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Moon Diver Mission Concept

Monday, April 2, 2018
5:00pm to 6:00pm
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Descending into a Moon Cave to Better Understand the Solar System's Largest Volcanic Eruptions

Dr. Laura Kerber, Jet Propulsion Laboratory

This lecture is open to the public.
Refreshments begin at 4:30 pm. 
In 2009, several deep volcanic collapse pits were discovered on the Moon by the Japanese spacecraft SELENE. The Lunar Reconnaissance Orbiter Camera subsequently captured high resolution oblique images of the pits, revealing that some of them opened into subterranean caverns, and that the walls of the pits exposed up to 40 meters of pristine lava stratigraphy.

The Moon Diver mission concept proposes to send the JPL-developed Axel extreme terrain rover into one of these pits, rappelling down the wall to expose the history of the lunar mare, and to illuminate the workings of the flood basalt eruptions that created them: eruptions on a scale never before witnessed in the history of humankind.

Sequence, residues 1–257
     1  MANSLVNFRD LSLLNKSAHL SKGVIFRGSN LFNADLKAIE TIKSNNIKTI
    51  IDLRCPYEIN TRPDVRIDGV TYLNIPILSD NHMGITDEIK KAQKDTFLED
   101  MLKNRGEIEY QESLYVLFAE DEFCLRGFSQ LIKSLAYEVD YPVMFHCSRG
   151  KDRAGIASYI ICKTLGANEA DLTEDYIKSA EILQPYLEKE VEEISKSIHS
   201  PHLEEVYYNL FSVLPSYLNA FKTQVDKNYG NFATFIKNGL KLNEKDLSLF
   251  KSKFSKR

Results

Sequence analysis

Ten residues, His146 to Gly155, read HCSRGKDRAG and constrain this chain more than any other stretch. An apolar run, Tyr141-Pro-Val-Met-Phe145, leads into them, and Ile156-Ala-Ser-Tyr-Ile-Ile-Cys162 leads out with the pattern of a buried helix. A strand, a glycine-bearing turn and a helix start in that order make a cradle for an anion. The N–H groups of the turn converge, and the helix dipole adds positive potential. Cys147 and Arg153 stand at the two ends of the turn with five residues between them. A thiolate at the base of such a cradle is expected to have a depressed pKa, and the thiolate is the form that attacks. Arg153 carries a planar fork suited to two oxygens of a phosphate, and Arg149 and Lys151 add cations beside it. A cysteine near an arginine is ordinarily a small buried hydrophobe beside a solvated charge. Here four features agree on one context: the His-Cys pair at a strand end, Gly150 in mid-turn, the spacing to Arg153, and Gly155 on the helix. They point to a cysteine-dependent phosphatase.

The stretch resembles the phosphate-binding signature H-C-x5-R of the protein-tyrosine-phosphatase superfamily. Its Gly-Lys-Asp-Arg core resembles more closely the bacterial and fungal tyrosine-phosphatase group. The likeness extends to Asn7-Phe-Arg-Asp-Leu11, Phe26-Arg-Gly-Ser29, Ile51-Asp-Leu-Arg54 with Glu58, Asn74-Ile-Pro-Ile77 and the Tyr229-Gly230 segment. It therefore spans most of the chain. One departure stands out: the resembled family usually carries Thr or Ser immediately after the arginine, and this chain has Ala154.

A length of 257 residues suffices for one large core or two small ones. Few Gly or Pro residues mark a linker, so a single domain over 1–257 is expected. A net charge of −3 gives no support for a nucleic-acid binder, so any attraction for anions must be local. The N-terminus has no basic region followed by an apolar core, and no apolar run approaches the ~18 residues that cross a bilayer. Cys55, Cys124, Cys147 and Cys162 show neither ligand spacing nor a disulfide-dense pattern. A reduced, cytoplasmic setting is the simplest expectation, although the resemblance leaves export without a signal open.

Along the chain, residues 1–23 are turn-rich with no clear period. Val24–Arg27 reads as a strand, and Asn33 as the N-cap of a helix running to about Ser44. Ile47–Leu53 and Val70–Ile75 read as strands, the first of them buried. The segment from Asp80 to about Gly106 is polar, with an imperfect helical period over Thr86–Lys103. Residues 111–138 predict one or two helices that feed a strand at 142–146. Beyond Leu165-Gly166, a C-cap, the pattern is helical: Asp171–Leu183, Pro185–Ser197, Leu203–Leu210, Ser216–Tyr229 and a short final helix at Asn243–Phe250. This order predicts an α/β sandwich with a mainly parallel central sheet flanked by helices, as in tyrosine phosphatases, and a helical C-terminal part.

Dr. Laura Kerber is a Research Scientist at the Jet Propulsion Laboratory studying planetary geology. Her research interests include explosive volcanism, wind erosion in deserts, and extraterrestrial caves. Her work focuses mainly on Mercury, Mars, and the Moon. Dr. Kerber holds two Masters Degrees, in Geology and Engineering (Fluid Mechanics), and a PhD in Geology from Brown University.
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Seating is limited and is available on a first come first served basis.
This lecture is sponsored by the Keck Institute for Space Studies.
For more information, please contact Michele Judd by phone at 626-395-6630 or by email at [email protected] or visit Moon Diver Mission Concept.